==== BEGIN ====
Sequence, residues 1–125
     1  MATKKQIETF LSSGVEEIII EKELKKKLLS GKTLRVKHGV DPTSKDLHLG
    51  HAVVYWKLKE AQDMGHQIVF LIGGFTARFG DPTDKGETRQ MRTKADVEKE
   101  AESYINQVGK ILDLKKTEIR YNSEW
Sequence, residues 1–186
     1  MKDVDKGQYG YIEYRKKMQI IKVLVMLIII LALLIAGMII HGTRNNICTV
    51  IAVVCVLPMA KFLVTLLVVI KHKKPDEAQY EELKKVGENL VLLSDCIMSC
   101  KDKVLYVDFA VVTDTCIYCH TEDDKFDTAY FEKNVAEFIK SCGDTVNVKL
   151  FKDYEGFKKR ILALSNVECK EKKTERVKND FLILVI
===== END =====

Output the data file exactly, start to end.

Sequence, residues 1–125
     1  MATKKQIETF LSSGVEEIII EKELKKKLLS GKTLRVKHGV DPTSKDLHLG
    51  HAVVYWKLKE AQDMGHQIVF LIGGFTARFG DPTDKGETRQ MRTKADVEKE
   101  AESYINQVGK ILDLKKTEIR YNSEW
Sequence, residues 1–186
     1  MKDVDKGQYG YIEYRKKMQI IKVLVMLIII LALLIAGMII HGTRNNICTV
    51  IAVVCVLPMA KFLVTLLVVI KHKKPDEAQY EELKKVGENL VLLSDCIMSC
   101  KDKVLYVDFA VVTDTCIYCH TEDDKFDTAY FEKNVAEFIK SCGDTVNVKL
   151  FKDYEGFKKR ILALSNVECK EKKTERVKND FLILVI